What I miss most about football is…time travel

Matt Stead

The one thing I really miss about not watching football is the ability to time travel. Yes, really.

I’m fairly certain all football fans have this ability, but we are unable to deploy it in any other context of life; or rather, only football frees our mind. Only football allows us to cut the ties that bind us to the space-time continuum and be momentarily a free spirit.

No, it’s okay, I’ve not been smoking the best carpet. You can see into the future. Think about it. We all do it regularly at games. We momentarily leap forward in time and see what we know will happen, before it actually happens.

A good example is when a ball is crossed in and you just know your striker is going to get to the ball first. In a split nanosecond, we weigh up the pace of the ball, the position of the defenders and of the striker and we know how it’ll be headed, where it’ll go and that it will be a goal. And in that moment you see the net bulge before it actually does, you’re up on your feet celebrating the goal a heartbeat before it is actually scored. Even if it doesn’t happen to you, and many times it doesn’t, we can see it happen to others. They’re the ones already punching the air before the ball has crossed the line. They’ve already seen it happen.

When Middlesbrough played Basel in the UEFA Cup, after conceding the first goal and being 2-0 down from the first leg, it left us needing four without reply. If you go to 2:20 as Massimo Maccarone receives the ball, I was right behind him in the crowd. As his foot connected with the ball, I flew forward in time by a good two seconds, and was up punching the air even as it was on its way. This wasn’t mere anticipation, it was actually seeing it happen ahead of time. I saw that ball go in the net twice. Once as a time-traveller and once again when returned back to my mortal flesh.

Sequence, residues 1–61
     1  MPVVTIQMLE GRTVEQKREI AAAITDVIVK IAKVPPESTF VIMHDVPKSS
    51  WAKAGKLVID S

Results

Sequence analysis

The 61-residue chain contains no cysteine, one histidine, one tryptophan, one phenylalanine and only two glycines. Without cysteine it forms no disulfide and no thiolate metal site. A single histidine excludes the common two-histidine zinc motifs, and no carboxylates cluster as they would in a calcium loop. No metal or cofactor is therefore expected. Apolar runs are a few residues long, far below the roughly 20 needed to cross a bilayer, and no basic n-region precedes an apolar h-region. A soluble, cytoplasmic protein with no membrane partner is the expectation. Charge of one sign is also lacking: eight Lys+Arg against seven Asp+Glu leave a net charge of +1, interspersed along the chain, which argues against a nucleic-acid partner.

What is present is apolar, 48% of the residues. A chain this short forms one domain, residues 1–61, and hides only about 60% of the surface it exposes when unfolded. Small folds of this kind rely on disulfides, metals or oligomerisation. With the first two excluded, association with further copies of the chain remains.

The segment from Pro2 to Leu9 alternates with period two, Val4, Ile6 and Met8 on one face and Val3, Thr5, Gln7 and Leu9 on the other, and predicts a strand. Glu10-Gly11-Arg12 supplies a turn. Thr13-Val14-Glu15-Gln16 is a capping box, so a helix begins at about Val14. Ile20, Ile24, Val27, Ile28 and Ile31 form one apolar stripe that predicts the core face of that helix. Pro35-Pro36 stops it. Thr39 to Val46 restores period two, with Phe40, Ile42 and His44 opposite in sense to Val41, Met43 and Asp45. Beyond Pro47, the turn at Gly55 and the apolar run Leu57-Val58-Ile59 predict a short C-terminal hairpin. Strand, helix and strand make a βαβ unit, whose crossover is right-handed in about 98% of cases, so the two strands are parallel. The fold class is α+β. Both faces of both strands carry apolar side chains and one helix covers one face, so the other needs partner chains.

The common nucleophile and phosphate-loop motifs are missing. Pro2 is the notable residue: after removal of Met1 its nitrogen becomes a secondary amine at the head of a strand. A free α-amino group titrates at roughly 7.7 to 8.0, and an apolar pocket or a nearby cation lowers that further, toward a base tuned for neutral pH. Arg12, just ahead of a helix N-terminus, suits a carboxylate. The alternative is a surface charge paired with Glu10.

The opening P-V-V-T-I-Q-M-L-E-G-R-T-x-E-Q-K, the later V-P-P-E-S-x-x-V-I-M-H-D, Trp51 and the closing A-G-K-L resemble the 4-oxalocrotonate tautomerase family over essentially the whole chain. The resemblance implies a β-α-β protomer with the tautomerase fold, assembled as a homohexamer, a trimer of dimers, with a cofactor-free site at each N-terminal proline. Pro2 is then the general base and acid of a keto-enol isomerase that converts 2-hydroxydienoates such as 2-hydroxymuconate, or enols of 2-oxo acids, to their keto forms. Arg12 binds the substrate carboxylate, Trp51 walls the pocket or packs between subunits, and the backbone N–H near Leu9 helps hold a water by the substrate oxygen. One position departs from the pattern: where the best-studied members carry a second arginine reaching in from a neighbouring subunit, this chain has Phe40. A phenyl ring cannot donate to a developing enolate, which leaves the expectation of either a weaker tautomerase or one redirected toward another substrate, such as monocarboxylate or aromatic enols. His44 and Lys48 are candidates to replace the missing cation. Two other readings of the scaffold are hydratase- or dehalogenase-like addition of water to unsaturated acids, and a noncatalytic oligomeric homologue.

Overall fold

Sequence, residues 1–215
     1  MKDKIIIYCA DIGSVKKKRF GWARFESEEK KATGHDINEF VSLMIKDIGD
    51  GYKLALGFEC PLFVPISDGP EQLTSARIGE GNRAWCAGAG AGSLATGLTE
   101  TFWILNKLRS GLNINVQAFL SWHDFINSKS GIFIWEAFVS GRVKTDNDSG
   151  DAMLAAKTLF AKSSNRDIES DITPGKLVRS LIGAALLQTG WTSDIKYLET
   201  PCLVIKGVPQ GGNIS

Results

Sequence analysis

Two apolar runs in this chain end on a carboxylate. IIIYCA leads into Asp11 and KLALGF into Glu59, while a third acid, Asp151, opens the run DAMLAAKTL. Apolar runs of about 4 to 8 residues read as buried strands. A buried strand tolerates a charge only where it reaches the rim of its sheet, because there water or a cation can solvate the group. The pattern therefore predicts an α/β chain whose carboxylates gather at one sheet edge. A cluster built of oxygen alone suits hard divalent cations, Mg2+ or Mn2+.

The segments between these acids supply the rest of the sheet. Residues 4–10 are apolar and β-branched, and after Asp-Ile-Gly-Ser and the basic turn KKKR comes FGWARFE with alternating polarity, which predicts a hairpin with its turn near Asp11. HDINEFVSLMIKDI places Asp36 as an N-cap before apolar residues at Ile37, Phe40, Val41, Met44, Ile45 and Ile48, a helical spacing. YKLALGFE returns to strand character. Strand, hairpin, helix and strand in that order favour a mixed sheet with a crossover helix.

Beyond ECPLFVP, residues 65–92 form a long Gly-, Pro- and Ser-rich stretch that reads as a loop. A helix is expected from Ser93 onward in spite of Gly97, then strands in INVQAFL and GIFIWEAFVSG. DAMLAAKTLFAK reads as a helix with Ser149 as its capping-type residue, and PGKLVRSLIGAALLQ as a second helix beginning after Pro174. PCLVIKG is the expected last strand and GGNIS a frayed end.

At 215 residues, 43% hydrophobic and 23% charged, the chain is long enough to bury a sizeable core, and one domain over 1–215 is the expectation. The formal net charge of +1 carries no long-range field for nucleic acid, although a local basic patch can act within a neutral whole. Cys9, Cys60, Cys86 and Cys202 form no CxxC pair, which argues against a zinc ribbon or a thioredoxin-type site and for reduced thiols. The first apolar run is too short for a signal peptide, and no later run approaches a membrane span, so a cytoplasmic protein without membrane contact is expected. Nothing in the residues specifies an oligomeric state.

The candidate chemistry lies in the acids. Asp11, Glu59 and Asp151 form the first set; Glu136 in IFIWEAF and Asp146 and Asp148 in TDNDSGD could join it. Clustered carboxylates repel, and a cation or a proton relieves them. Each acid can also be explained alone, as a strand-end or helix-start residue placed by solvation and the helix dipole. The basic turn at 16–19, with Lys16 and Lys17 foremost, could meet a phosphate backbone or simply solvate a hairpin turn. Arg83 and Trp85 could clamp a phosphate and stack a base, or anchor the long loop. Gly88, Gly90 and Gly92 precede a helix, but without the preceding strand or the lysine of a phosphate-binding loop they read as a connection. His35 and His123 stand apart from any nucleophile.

This isn’t just something old hippies with a hallucinogenic history experience; pretty much anyone you talk to has had the same experience at a game at some point. Often it is connected to your own team scoring a goal. Perhaps it’s to do with how excitement alters our brain chemistry. You don’t just ‘know’ it will happen, you know it ‘has’ happened. It is that much of a certainty.

It also has a companion experience when the thing you know will happen, doesn’t happen. The ball struck into the goal that actually goes wide. The almost painful jarring ‘my God, I thought that was in’ feeling and the shock that goes through our body when reality doesn’t match what we have so surely seen. What’s that? Perhaps we are momentarily accessing a different but parallel universe and that’s why it is so jarring when we’re pulled back to the one strand of the multiverse we currently inhabit.

Having watched a lot of cricket and rugby over the years, and many other sports too, I’ve never once had the same time-travelling experience. I’ve never seen a batter bowled before the ball hits the stumps. Never seen the winger scoring a try before they put it down. It is a magic wholly football’s own, at least for me.

It’s such an out-there, cosmic experience that adds real spice and colour to life. And that’s why it’s the thing I miss most about football.

John Nicholson


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